The same properties of hose that allow it to absorb vibration allow it to absorb spikes in pressure. If you’ve been around machinery plumbed with hose, you’ll noticed how it comes to attention and stiffen when pressure rises or spikes. Although hose can’t eliminate the pressure spike, it can reduce the damaging effects it has on seals, valves and other components, especially though not meant for high pressure, such as return line filters.
Of course, where there is vibration, there is also sound. Pumps, especially, produce vibration harmonics that can be annoying and grinding to sensitive ears, especially over extended periods. Often times, the sound resulting from a particular power unit or system can be unpredicted until it is fired up. Chasing down the exact source of vibrating tube, fitting, plate or mount can be like finding Waldo.
If you think I’m being unfair to tubing, think again. If you work in a plant or shop with old hydraulic machines, take a pause and go out to inspect that machinery. Take note of the age of the hard plumbing on that machine; chances are it’s the same plumbing that existed when the machine was first commissioned, even if it’s older than I am.
Tubing, when done well, is extremely reliable and maintenance free. The only time it is changed is typically when a modification or upgrade is done to the machine. Tubing resists motion or vibration that, although it can transmit it, doesn’t cause it to shake or move the assembly itself. The inherent flexibility of hose allows it to chafe, rub and scratch against other surfaces if it’s not well supported. Many failures occur at those points of contact on a hydraulic hose, but tubes simply resist motion altogether.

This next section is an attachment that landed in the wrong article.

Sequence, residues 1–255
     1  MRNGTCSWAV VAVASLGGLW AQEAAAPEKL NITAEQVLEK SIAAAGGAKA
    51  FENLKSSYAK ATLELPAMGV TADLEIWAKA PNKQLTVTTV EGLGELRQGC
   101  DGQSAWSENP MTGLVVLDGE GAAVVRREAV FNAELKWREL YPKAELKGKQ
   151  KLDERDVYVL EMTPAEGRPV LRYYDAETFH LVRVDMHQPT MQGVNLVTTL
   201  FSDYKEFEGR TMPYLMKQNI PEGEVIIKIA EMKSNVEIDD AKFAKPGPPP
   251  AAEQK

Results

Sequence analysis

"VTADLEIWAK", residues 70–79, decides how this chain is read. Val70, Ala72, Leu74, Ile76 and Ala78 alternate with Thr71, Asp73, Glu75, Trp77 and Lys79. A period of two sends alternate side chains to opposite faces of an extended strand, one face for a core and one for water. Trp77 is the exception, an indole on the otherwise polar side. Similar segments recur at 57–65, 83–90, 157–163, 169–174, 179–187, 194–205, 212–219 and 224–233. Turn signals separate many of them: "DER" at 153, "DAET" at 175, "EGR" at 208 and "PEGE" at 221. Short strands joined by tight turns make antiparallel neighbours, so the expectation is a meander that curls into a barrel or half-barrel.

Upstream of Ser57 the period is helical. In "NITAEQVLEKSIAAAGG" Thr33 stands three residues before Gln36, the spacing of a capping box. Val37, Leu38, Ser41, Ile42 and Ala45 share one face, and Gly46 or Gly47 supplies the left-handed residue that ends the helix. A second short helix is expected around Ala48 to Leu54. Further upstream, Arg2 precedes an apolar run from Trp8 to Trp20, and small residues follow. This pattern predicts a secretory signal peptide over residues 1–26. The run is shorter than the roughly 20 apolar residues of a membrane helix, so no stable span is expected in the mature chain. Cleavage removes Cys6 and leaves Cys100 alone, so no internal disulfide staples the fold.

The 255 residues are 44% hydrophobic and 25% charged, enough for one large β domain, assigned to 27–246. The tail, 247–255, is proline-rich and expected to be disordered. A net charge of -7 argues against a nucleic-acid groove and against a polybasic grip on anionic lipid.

Tube assemblies can be more work up front, but look cleaner and have other advantages. They can still be manufactured to be removed and replaced if the attached components require servicing because they’re made with semi-flexible bends at strategic points. You rarely see a straight shot of tube, but rather an L or S shape to provide some flexibility so the assembly can be pulled and replaced between two fixed locations.
Tube assemblies also provide long-lasting, leak-free service, especially with newer O-ring Face fittings used. Although older assemblies with JIC type flare have been in operation for decades, if a tube does leak, it will nearly always be between the seat and face of a JIC connection.
At this point, I haven’t even mentioned the cost of either option. Tubing has natural high-pressure capacity, and dollar-for-dollar is actually less expensive to manufacture and sell than hose. Tubing can be purchased for pennies per foot, but any high-quality hose with reasonable pressure rating is rather expensive, and the cost rises exponentially with size. A 1-in. ID hose rated for 4,000 psi can be hundreds of dollars, but even including labor, a tube can be made for a fraction of the cost.
I should mention, however, tubes are more labour intensive, and require special machinery. You need expensive bending and flaring equipment, and the investment in that can run five digits. Hose crimping equipment can also be expensive, but you can get by with field-attachable hose requiring only two wrenches. Even a hand-pump operated crimper can be had for a few hundred dollars if you wish to go that route.